After years of being home schooled by hippie parents, Emerson is enrolled at his local high school. The intelligent and androgynous youth confounds his classmates and captures the attention...
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Atli Oskar Fjalarsson,
Gísli Örn Garðarsson
After years of being home schooled by hippie parents, Emerson is enrolled at his local high school. The intelligent and androgynous youth confounds his classmates and captures the attention of his English teacher. The teacher-student relationship leads to problems for everyone involved.Written by
odd but occasionally compelling tale of adolescence
What happens to people who are raised without conventional social boundaries? Emerson Thorsen (Aaron Webber) is a thirteen-year-old boy living with his aging hippie parents in rural Nova Scotia. Even though they clearly love their son, Roj (Robert Joy) and Kaya (Rebecca Jenkins) often act more like Emerson's pals than his parents (they have the annoying habit of querying him about his burgeoning sexuality). After years of home schooling, the sensitive, highly gifted Emerson is enrolled in the local middle school where he immediately stands out from the more conventional members of the student body who have no interest in discussing poetry or reading Shakespeare. Emerson not only has problems relating to the other pupils, but he develops a crush of sorts on his English teacher (Daniel MacIvor, who co-wrote the screenplay), a common enough occurrence, except that Emerson, so long shielded from the societal norms of the outside world, feels no compunction not to act on his feelings, creating complications for everyone involved.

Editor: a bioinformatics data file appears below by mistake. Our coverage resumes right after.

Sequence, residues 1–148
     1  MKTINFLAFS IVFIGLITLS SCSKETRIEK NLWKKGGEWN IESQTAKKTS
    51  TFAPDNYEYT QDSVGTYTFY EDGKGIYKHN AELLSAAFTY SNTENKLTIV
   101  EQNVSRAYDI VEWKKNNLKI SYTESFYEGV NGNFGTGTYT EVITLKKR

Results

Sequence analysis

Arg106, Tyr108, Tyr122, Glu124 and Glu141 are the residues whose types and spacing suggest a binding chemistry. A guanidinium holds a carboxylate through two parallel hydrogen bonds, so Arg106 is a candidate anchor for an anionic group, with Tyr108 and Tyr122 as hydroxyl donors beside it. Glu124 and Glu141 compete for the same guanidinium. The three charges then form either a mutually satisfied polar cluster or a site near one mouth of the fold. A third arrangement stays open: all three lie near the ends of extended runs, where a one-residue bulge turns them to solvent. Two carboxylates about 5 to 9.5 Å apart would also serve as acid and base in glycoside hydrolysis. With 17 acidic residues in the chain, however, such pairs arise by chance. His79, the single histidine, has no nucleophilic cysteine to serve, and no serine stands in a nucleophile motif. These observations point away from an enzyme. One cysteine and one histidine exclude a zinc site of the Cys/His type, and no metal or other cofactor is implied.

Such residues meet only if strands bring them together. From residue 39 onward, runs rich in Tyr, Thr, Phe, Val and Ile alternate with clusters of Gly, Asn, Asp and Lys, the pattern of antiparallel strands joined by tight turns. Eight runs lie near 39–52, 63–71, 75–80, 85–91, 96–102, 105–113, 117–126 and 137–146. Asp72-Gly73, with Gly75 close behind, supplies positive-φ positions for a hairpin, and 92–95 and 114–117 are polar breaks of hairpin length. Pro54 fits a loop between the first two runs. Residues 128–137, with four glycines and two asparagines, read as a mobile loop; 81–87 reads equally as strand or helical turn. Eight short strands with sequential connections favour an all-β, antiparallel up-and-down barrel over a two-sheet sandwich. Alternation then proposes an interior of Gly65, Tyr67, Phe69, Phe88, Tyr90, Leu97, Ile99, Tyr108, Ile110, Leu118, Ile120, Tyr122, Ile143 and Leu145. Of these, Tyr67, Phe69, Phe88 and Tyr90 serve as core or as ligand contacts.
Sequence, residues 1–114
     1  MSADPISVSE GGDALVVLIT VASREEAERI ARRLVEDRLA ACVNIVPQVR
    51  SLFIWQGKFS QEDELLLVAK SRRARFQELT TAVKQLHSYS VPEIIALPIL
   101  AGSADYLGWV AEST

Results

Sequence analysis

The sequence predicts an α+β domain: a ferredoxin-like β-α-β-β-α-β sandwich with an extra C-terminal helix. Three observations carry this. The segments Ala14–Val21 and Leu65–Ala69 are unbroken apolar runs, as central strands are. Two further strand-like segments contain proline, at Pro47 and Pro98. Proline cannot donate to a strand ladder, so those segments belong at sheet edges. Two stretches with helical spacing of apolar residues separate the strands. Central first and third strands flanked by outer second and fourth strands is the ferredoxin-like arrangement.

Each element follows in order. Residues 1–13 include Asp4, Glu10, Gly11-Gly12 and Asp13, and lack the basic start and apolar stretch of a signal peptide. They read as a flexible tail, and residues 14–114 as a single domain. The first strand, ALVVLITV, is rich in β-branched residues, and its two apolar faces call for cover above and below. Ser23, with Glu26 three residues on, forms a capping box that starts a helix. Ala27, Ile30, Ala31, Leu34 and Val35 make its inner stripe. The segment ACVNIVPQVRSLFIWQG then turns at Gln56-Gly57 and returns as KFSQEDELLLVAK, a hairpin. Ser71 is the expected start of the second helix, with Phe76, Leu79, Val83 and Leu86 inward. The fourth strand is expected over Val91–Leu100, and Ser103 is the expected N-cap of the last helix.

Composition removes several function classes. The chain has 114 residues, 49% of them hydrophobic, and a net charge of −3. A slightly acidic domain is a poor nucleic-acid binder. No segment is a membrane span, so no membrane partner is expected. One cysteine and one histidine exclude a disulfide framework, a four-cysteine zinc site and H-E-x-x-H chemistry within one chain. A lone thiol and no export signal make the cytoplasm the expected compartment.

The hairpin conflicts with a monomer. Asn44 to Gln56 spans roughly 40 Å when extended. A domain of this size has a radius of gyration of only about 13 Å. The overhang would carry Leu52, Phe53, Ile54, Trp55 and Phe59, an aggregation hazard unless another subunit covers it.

Alternately touching and queasy, "Whole New Thing" is a generally sensitive coming-of-age tale that distinguishes itself with its novel setting and its unusual set of characters. The movie doesn't always feel like it knows where it's going, but that can be as much a recommendation for the film as a criticism of it. There are times when it seems as if it is going to go completely off the rails - particularly in the marital travails of Roj and Kaya - but it always manages to somehow right itself at the last minute. Only at the VERY last minute does it fail to do so, succumbing to an ending that is far too abrupt, upbeat and amicable for what has gone before.
The acting is strong, and there is just enough complexity in the characters and storytelling to make us suspect that MacIvor (who has directed a number of films of his own) and writer/director Amnon Buchbinder, should they choose to collaborate again, will do even more sophisticated work in the future. As it stands, this is a promising early effort for the filmmakers.
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